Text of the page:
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Midwives, A Crucial Part Of Caring For The Women Of Mexico

This is a story about high infant and maternal mortality among indigenous women and their newborns. Part of this story is about how young women living in desperate situations learn to deal with those situations by helping others.
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This is not the usual story about motherhood. It is a story about high infant and maternal mortality among indigenous women and their newborns. Part of this story is about how young women living in desperate situations learn to deal with those situations by helping others.

Who are the 'indigenous' in Mexico? Six million people, descendents of America's original inhabitants who speak 61 indigenous languages, most of which do not include Spanish or English.

In Mexico indigenous women die from pregnancy and birth related causes at three times the rate of non-indigenous women. Recently, newborn and maternal deaths among this group have received attention at the highest levels within the Mexican government, thanks in part to the NGO, CASA, which operates a training school supported by Johnson & Johnson in which women can become midwives.

As part of this attention, the federal government has, for the first time in 2011, provided funding to eight of Mexico's 32 states to hire midwives to serve indigenous communities. The federal government also approved funds for scholarships for women who want to go to the CASA midwifery school -- the only government accredited midwifery school with its own teaching hospital in the country. A CASA graduate was hired by the Health Ministry's National Center for Gender Equity and Reproductive Health to promote professional midwifery throughout the country. National legislation passed the Senate to further women's rights, and Mexico´s National Public Health Institute published a book of studies that recommends that the country open more midwifery schools using CASA´s curriculum.

Successes such as these do not come overnight and happen as a result of sacrifices made by many. There are frequently untold stories such as the one CASA co-founder Nadine Goodman shared with me the other day -- an amazing story about a remarkable young woman who is currently studying midwifery at CASA.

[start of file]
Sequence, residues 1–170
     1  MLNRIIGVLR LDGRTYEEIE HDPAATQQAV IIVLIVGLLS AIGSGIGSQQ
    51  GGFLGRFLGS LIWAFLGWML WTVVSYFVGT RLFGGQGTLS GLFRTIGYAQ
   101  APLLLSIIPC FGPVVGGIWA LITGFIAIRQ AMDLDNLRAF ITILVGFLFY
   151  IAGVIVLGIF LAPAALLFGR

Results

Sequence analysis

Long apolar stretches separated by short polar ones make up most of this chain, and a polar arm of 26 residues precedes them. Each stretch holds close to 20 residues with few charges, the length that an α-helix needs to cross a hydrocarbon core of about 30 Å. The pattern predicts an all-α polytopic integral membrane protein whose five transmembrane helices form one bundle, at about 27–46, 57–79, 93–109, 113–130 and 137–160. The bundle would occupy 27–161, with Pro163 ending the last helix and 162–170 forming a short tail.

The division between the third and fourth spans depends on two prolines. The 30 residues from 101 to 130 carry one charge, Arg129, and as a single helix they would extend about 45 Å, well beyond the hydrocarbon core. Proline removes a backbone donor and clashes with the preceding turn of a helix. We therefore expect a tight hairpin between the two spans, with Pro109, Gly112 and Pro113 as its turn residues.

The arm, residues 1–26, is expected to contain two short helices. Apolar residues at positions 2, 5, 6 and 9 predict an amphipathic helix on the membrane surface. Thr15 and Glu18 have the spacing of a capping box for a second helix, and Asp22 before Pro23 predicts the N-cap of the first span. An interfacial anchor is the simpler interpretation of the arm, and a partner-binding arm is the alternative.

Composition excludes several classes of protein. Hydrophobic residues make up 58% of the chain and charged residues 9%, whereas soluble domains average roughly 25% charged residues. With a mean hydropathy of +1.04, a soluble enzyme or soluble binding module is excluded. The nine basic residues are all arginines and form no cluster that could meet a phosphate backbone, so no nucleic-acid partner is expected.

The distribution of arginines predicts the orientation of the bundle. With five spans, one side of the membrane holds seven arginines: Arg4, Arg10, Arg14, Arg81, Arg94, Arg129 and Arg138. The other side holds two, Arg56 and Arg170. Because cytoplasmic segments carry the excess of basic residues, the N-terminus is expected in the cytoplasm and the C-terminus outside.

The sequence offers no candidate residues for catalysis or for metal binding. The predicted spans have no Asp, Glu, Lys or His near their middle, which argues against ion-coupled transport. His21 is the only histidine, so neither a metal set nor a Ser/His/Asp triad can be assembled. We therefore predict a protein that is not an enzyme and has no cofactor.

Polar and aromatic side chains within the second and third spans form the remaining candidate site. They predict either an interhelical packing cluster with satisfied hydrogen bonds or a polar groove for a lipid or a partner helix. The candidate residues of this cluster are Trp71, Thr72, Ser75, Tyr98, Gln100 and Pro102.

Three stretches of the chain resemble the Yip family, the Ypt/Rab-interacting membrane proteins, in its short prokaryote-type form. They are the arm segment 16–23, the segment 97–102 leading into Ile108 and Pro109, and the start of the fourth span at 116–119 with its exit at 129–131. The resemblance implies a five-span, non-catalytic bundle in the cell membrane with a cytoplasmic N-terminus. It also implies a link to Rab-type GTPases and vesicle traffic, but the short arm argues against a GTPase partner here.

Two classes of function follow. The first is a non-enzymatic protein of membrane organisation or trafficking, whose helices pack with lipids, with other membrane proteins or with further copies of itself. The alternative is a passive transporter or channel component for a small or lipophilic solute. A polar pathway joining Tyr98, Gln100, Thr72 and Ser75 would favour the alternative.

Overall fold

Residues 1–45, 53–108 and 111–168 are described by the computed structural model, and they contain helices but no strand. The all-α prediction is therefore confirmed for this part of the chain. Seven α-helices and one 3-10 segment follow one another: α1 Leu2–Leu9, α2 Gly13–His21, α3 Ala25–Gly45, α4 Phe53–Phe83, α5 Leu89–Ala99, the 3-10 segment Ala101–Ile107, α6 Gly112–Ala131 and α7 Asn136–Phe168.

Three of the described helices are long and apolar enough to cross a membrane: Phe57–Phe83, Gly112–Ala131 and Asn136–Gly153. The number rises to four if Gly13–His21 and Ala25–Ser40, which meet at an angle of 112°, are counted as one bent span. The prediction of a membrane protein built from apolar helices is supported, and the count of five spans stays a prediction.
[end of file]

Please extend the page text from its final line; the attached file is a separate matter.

Nadine explained how she recently boarded a bus at one in the morning to make a trip to Veracruz, a state that is struggling to lower its extremely high maternal mortality rate. Veracruz's Health Minister requested a presentation about CASA's midwifery model. Graduates from CASA are working in Veracruz and the government is very pleased with their work, leading to interest in Veracruz starting its own midwifery school with technical assistance from CASA.

Nadine's visit to Veracruz went well. As she was about to leave, one of the government hosts inquired about one of the midwifery students at CASA who is from Veracruz. It turned out that this colleague had worked diligently with Maribel Hernandez, the Administrator of the CASA Midwifery School, to help this particular midwifery student weave her way through the application and scholarship processes. Applying to a school far away from your home can be a daunting experience for many of the young Mexican women who come to CASA, and it is common for the CASA Midwifery School staff, especially Maribel, to band together with government representatives and other groups to help an aspiring student. In this case the young woman had been brutally beaten by her husband and in turn kept in intensive care for seven days. It was not the first time her husband had beaten her. He did not want her to go to midwifery school.

Two weeks after Nadine's visit to Veracruz, health officials from Veracruz traveled seven hours by car to San Miguel to visit the CASA school where they were greeted by the same 17-year old student from Veracruz mentioned above. The student eloquently and passionately spoke about how she loves being a midwifery student at CASA, explaining why new midwifery schools are needed throughout Mexico to produce the critical mass of midwives that Mexico needs and to give young women the opportunities they deserve to study, work and contribute to their communities.

It would be enough to say that CASA's midwifery school is producing desperately needed midwives who are saving the lives of pregnant and birthing women. It turns out the school is doing even more...

For more information about how you can help please see and contact Ana Marquez, CASA Development Coordinator at or U.S. phone 718 360 5645 or Mexican phone 52 415 15 4 60 90 or CASA's General Advisor, Nadine Goodman at or U.S. phone 212 234 7940.